A special thank you to the talented Witch and author Rachel Patterson for graciously agreeing to write the foreword for Craft of the Hedge Witch. Rachel is the author of over eighteen books on various magical topics. She describes her craft as being a combination of old style witchcraft, Wicca, wild witchcraft, kitchen witchery, green witchery, and folk magic, with her heart finding home in the kitchen. To learn more about Rachel Patterson, visit her website at

Craft of the Hedge Witch: A Guide to the Solitary Path on Amazon



About the Author:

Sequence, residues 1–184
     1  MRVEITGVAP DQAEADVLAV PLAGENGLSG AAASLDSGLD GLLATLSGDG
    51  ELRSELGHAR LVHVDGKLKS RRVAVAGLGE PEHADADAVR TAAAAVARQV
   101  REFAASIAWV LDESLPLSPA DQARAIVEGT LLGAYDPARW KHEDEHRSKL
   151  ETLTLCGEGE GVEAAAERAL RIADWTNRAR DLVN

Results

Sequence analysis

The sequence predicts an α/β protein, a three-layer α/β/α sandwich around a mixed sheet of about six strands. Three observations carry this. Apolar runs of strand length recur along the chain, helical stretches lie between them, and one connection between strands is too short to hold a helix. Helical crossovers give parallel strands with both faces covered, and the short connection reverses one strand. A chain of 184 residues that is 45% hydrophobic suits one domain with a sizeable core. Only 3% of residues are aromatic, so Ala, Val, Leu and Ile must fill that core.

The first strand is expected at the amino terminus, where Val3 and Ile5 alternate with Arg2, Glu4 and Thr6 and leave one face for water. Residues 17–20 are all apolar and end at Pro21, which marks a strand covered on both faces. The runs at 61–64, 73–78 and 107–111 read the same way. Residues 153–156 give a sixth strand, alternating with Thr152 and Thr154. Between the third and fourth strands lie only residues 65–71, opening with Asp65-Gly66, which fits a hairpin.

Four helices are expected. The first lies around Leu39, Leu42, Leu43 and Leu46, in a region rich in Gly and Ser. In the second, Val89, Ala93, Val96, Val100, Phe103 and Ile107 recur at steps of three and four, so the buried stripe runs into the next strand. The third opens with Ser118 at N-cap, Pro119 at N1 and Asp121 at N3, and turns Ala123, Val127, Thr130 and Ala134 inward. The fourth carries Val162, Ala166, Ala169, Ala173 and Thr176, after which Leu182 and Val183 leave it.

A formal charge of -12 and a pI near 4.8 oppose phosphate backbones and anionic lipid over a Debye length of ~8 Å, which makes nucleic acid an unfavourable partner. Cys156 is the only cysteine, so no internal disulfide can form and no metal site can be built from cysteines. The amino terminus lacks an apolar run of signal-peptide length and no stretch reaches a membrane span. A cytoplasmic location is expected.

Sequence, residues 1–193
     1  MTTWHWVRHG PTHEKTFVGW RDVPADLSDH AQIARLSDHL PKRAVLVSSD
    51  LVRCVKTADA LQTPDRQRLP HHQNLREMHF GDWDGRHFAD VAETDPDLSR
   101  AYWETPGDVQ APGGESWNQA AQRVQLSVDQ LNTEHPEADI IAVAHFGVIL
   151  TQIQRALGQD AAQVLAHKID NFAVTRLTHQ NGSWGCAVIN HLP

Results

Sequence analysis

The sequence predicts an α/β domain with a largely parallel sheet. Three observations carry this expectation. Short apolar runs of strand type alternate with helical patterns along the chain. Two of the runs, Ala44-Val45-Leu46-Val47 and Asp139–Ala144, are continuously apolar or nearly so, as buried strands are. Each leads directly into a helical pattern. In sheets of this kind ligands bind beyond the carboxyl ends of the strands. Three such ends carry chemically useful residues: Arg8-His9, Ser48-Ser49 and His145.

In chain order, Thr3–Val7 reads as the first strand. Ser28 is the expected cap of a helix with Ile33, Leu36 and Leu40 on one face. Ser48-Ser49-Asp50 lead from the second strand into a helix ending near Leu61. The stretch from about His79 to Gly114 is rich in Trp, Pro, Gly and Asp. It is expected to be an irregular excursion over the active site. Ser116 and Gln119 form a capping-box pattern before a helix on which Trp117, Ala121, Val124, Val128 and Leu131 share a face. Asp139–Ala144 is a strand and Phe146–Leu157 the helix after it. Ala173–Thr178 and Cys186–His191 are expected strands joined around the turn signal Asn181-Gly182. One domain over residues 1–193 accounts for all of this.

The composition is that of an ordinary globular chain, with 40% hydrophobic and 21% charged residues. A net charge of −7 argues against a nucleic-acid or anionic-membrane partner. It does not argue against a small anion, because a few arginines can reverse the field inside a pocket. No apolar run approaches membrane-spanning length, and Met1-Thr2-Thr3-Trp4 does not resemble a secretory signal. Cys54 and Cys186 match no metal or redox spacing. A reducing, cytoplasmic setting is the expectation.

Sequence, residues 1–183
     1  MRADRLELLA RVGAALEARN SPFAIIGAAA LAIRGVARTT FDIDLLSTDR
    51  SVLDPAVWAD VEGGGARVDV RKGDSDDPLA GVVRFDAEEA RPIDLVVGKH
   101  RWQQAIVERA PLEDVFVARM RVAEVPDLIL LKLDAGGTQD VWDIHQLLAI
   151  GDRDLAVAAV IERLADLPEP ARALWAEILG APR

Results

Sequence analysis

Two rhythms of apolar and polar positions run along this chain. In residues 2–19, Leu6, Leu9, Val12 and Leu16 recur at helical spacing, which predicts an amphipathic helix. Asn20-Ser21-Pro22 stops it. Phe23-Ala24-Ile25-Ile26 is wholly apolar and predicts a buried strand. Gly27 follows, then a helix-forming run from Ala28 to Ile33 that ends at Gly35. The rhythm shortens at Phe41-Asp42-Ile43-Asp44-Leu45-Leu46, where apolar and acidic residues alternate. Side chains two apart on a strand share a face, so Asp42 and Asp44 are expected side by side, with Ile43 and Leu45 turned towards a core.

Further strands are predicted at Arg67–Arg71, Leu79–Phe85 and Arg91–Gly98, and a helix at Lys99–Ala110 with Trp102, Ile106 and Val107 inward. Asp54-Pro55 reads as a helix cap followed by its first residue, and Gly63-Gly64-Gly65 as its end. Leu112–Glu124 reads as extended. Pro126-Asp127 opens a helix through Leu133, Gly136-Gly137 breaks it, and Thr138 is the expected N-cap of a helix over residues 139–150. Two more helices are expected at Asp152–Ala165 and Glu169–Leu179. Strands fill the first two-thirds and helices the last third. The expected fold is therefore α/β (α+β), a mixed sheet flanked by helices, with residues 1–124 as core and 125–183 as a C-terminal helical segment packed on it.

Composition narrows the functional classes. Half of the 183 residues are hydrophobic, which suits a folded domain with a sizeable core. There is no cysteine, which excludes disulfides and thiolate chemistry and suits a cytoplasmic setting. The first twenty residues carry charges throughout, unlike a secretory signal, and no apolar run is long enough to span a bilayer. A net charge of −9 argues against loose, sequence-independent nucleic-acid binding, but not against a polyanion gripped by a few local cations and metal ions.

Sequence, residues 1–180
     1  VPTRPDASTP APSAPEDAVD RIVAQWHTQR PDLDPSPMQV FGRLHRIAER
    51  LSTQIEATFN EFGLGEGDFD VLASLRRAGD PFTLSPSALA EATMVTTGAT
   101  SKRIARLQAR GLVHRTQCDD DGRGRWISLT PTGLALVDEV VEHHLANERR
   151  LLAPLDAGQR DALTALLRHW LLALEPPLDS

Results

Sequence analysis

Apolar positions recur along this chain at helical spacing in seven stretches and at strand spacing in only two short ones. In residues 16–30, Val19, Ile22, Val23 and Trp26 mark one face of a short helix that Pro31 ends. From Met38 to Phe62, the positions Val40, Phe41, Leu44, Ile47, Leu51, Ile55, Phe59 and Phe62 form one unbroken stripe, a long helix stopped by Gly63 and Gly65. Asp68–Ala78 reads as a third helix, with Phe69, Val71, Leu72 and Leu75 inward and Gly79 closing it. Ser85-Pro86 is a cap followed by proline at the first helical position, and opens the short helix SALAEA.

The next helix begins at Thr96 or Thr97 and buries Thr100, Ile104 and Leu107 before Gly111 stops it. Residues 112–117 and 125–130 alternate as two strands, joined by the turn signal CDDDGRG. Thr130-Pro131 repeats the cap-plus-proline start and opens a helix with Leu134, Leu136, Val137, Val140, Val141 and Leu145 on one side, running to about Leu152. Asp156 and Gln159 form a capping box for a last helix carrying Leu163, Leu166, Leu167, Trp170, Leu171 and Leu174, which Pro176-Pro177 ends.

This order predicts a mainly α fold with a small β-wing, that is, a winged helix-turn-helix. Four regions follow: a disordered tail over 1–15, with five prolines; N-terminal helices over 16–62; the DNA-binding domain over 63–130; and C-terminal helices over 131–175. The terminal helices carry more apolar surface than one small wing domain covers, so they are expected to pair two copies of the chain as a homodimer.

Katy Ravensong is a practicing green witch in the foothills of the Great Smoky Mountains. She was raised here where she ran barefoot & free. She is a wife, mother, grandmother, voracious reader, crocheter, and amateur herbalist. She glories in the freedom that comes with being a Crone ~ when she is gone, she will not be known as a woman who could keep her mouth shut! She is disabled, yet tries to make disability work for her. She is an advocate for human rights. She is Dean of Wortcunning and Assistant Dean of Natural Philosophy at The Grey School of Wizardry. She has studied with various herbal teachers, with Witch School International, with Avalonian Institute of Metaphysical Arts, and is a priestess with the Sisters of Earthsong, Order of the White Moon. Her poetry has been featured in several publications including ‘Pagan Poetry for the Festivals and Seasons’ by Wyrdwood Publications edited by Edain Duguay, 2008. Her favorite quote is from Emily Dickinson “If I can stop one heart from breaking, I shall not live in vain. If I can ease one life the aching or cool one pain or help one fainting robin unto his nest again, I shall not live in vain.”